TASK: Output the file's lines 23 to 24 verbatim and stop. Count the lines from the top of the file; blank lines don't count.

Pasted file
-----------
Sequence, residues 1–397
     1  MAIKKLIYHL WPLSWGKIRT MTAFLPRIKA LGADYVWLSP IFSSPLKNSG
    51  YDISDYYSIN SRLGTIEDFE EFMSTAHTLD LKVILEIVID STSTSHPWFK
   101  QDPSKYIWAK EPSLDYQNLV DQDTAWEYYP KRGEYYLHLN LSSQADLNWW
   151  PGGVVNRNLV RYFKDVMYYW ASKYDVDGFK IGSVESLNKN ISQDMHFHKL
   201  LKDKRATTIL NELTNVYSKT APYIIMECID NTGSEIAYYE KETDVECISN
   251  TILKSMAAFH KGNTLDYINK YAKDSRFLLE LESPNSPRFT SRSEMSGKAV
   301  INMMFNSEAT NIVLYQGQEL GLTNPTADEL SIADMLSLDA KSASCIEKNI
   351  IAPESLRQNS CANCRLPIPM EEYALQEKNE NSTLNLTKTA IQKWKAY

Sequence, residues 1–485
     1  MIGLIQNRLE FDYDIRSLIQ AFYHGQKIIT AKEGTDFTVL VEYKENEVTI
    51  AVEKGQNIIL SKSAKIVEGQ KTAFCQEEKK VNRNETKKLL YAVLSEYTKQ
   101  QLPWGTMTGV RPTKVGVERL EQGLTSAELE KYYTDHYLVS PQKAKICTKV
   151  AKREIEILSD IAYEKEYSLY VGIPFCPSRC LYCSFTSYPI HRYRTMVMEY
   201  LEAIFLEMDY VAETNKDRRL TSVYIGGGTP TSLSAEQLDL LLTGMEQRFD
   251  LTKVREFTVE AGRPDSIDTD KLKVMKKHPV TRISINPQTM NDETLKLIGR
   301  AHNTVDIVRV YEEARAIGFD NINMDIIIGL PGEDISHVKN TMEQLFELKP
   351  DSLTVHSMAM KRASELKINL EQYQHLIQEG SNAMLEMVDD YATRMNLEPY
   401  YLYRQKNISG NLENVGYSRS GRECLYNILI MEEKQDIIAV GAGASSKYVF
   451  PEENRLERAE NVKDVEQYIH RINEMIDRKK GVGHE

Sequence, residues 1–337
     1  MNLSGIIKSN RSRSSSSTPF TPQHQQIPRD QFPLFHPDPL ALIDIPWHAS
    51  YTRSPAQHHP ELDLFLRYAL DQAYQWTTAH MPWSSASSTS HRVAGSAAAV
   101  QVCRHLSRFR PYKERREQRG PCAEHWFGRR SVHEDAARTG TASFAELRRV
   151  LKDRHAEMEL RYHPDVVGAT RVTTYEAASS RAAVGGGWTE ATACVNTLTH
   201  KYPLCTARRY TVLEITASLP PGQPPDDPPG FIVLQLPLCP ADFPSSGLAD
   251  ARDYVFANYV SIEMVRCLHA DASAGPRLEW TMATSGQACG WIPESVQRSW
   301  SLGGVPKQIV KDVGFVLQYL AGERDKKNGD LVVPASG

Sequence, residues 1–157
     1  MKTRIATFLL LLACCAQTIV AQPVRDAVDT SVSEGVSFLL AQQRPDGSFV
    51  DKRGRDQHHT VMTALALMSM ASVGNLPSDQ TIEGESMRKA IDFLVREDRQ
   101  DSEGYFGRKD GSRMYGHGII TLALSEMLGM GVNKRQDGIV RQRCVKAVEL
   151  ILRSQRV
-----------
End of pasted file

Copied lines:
    51  YTRSPAQHHP ELDLFLRYAL DQAYQWTTAH MPWSSASSTS HRVAGSAAAV
   101  QVCRHLSRFR PYKERREQRG PCAEHWFGRR SVHEDAARTG TASFAELRRV